Preventing Heart Disease

Risk factors you can control

Tobacco use: The chemicals in tobacco cause damage to the artery walls by increasing your blood pressure and making your heart work harder. This damage allows plaque to adhere to the artery wall – blocking blood flow and potentially leading to a heart attack. Smoking is the worst thing you can do to your heart. Your doctor can help you find a way to quit through medications or other programs.

High blood pressure: When your blood pressure is high, it exerts more pressure on the artery walls and causes damage. Blood pressure can be controlled through diet, exercise, and medications. Decreasing your sodium intake to 2000 -2400 mg a day and exercising five or more times a week are recommended to control high blood pressure. Medication may also be prescribed, but should not be a substitute for making lifestyle changes.

High cholesterol levels: Too much cholesterol in the arteries builds up in the form of plaque, decreasing the amount of blood flow. Cholesterol can be controlled by eating a diet low in fat and trans fat.

Being overweight/lack of exercise: If you are overweight, your heart has to work harder – increasing your risks for high blood pressure. Reducing the amount of calories you eat each day by eating low fat, low calorie foods will help reduce this risk.

Exercising helps you burn calories, lower blood pressure, relieve stress, and can help control diabetic blood sugar levels. Aerobic activities like swimming, biking, brisk walking, or jogging are recommended for at least 30 minutes a day 5 to 6 times a week. You should always see your doctor before starting an exercise program if you haven’t exercised in a while.

Poor stress management: Too much stress can cause your body to release chemicals that make your heart work harder. This can also cause an increase in blood pressure. Healthy ways you can manage your stress are through exercise, meditation, listening to music, or any relaxation technique that works for you.

Diabetes: Having high blood sugar can damage arteries. It is important to follow a meal plan, exercise regularly, maintain a healthy weight, and control your blood sugar with medications if needed.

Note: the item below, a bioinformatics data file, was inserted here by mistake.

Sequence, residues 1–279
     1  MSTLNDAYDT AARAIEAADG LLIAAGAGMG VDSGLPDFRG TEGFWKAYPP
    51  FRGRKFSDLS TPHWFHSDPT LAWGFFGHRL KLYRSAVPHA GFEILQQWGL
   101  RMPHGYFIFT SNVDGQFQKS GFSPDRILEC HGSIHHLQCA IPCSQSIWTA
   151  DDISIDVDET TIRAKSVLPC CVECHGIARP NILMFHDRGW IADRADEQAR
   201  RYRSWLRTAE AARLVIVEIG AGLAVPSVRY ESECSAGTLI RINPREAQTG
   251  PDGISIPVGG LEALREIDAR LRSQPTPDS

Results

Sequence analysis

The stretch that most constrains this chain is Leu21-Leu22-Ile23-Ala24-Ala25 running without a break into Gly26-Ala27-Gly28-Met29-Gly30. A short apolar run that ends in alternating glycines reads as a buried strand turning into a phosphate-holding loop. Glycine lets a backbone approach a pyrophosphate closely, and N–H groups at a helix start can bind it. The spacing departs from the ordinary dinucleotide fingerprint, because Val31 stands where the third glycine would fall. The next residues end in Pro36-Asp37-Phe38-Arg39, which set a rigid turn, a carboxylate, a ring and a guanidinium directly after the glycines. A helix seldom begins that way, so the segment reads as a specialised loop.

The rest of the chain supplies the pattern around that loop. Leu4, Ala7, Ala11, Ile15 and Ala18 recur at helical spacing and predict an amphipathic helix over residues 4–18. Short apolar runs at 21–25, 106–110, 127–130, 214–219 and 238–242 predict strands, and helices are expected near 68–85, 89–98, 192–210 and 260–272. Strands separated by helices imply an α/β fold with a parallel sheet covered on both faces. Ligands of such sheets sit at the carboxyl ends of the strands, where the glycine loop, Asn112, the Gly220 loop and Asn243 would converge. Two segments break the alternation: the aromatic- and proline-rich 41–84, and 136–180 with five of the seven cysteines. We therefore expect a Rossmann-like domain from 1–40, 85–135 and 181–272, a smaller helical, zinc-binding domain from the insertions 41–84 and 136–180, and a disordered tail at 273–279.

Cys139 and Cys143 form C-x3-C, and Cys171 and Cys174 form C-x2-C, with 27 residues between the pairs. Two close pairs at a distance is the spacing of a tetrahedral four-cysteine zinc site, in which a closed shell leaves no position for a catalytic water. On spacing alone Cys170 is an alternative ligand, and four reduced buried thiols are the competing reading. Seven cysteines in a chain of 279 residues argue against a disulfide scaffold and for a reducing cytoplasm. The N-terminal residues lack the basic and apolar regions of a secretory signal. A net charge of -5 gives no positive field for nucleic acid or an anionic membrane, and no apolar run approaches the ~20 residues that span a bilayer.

Important note: Many people may not have any symptoms until they have a heart attack. If you have one or more of these risk factors, see your doctor regularly. Early detection can help to reduce risk factors by getting the prescribed treatment needed.

What is Blood Pressure?

Blood pressure is the measurement of force that blood exerts against artery walls as it moves through your body. If you have hypertension (high blood pressure), your blood is exerting too much force on your artery walls.

When your blood pressure is taken, two measurements are recorded. You may be told your blood pressure is 110 over 70.

The top number (systolic pressure) is the measurement of pressure your blood exerts against your artery walls during your hearts contraction. The bottom number (diastolic pressure) is the measurement of pressure your blood exerts against your artery walls during your heart’s relaxation. You may be considered hypertensive if you consistently have a systolic pressure of 140 or higher and a diastolic pressure of 90 or higher.

Treatment for Blood Pressure

Treatment for your blood pressure should begin with lifestyle changes:

Changing Your Diet

Decrease your salt intake. Try seasoning foods with low or no sodium seasonings. Cook with fresh meats and vegetables instead of canned or frozen packed foods. You should also limit foods high in cholesterol and saturated fats since these foods contribute to excess weight gain. Drinking excessive amounts of alcohol can also raise blood pressure and damage your heart.

Lowering Weight and Exercising